During her recuperation in hospital “[she] realised that being offered assisted suicide instead of suicide support was disturbing.”

“I had been told ‘if I was in your position, with your disability, I wouldn’t want to live’ by the very health professionals who are there to help suicide survivors. No one ever asked about my toxic mindset and frantic way of living.”

“I realised my biggest problem had been my mindset and a lack of proper support”

Claire said that people like her are not being given a voice in this debate in New Zealand.

“I don’t want to see a vulnerable person talking to a health professional who assumes their life is of little value due to their disability or illness.”

“The reality is this: If the End of Life Choice Bill, in its current form, were law four years ago, I’d be dead. This isn’t about religion or politics; it’s about trying to do the right thing and highlight the dangers of this bill.”

Clare McCarthy of Right To Life UK commented:

“The attitude of medical professionals towards people with disabilities in this case is, sadly,  all too familiar. Just recently in the UK, a mother was offered an abortion 10 times because her daughter was diagnosed as having a disability in the womb.”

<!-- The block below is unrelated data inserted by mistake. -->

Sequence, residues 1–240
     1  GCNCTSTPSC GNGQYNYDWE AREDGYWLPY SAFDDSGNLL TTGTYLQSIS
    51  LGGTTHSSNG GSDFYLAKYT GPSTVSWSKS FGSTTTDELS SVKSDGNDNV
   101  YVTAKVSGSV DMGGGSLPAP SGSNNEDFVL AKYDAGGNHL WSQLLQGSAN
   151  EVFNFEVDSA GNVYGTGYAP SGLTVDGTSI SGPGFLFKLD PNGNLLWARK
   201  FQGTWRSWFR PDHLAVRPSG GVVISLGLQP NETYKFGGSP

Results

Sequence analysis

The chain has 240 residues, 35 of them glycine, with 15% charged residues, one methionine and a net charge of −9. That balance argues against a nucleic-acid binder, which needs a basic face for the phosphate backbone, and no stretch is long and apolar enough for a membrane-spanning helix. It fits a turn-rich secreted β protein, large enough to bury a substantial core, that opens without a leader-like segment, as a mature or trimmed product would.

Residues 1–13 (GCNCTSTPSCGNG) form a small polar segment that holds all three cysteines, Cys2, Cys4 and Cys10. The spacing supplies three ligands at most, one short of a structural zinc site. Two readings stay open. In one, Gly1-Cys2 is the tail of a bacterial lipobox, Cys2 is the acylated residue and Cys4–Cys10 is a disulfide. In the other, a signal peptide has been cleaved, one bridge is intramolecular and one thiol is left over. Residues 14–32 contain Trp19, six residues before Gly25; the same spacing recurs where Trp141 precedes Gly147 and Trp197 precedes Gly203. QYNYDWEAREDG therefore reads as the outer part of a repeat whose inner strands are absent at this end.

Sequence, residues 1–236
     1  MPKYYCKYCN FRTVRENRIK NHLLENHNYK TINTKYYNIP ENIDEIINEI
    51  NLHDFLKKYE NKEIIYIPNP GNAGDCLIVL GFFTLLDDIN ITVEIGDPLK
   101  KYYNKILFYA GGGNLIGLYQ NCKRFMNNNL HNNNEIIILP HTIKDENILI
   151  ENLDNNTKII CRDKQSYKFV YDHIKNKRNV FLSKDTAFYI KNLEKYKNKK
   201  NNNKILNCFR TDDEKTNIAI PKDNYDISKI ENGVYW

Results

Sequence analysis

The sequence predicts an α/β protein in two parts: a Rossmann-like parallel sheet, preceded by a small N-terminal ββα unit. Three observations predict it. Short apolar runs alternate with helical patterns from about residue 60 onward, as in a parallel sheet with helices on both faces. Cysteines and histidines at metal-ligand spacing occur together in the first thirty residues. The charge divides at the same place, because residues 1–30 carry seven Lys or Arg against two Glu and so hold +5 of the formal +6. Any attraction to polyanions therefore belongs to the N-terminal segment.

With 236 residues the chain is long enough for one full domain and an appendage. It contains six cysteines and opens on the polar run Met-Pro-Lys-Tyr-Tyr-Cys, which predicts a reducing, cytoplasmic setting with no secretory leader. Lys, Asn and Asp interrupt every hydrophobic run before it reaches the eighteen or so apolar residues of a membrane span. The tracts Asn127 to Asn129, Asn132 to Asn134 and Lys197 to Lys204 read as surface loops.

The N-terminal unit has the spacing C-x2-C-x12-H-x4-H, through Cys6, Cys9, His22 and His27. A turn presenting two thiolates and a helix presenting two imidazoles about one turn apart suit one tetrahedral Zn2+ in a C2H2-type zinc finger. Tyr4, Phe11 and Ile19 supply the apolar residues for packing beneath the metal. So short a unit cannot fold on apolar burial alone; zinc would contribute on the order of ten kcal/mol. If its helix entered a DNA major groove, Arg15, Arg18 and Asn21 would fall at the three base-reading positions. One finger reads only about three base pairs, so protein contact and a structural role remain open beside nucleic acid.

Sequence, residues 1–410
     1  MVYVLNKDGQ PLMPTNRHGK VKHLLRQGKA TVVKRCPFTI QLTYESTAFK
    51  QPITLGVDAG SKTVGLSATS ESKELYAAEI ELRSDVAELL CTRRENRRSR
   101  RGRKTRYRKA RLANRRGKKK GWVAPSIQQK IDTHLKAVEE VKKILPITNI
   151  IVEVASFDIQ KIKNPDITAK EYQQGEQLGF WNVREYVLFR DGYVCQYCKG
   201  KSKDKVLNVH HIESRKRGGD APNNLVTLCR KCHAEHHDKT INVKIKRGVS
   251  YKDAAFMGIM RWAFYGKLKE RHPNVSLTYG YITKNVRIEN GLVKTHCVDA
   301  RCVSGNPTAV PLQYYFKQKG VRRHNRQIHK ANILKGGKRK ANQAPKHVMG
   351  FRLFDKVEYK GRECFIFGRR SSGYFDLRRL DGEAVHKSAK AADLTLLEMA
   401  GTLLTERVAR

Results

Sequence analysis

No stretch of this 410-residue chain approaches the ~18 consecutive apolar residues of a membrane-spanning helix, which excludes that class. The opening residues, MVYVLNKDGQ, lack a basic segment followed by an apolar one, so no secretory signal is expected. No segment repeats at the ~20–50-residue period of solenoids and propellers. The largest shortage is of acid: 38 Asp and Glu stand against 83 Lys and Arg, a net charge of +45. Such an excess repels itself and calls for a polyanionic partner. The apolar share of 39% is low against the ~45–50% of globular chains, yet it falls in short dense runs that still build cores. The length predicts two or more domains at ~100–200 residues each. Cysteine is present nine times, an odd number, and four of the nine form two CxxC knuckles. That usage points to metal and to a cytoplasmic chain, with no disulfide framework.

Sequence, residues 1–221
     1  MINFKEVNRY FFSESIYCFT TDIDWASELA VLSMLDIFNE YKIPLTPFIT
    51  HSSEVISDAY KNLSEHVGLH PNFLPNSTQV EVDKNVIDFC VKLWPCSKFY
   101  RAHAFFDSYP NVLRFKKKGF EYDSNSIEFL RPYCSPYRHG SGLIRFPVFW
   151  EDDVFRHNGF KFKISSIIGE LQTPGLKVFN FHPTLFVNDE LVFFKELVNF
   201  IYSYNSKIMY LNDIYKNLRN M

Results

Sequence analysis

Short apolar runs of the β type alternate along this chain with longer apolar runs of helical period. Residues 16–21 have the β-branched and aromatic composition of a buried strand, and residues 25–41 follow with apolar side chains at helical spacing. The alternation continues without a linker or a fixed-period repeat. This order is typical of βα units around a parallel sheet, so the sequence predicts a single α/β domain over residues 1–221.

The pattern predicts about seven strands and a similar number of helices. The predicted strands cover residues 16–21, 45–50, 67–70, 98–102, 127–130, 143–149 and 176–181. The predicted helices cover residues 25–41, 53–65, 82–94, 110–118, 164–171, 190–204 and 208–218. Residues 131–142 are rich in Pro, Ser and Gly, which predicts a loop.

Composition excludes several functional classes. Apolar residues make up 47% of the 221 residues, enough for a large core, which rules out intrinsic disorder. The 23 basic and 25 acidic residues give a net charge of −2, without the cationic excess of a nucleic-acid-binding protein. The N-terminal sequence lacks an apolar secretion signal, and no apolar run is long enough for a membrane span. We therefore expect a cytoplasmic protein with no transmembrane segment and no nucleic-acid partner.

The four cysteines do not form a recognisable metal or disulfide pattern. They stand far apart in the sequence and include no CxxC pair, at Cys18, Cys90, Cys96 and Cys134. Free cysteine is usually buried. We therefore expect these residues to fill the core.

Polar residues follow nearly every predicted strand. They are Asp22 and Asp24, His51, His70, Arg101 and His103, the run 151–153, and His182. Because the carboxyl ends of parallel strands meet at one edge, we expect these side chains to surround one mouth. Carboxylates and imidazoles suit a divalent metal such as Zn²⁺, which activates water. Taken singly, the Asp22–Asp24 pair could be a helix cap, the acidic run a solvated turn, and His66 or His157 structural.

“These professionals acted in a remarkably unprofessional manner by encouraging Claire to kill herself, and, as she rightly notes, she would not be alive today had the law been different. We can see clearly that the attitudes of the medical professionals and the lack of proper support were a key motivating factor behind Claire’s original decision to take her life, which, fortunately, she was unable to enact.”

“As her experience shows, laws prohibiting assisted suicide and euthanasia protect people like Claire, and they should not be removed.”

The ethical nightmare we won’t confront

Nothing pleases some people more than when others get something wrong. The Germans even have a word for it.

Naomi Wolf was on the receiving end of it recently. It emerged, in the course of a live broadcast, that she had made a serious mistake in interpreting some of the evidence which she had marshalled to defend the argument of her new book. And gosh how people enjoyed it.

Click here to read the full article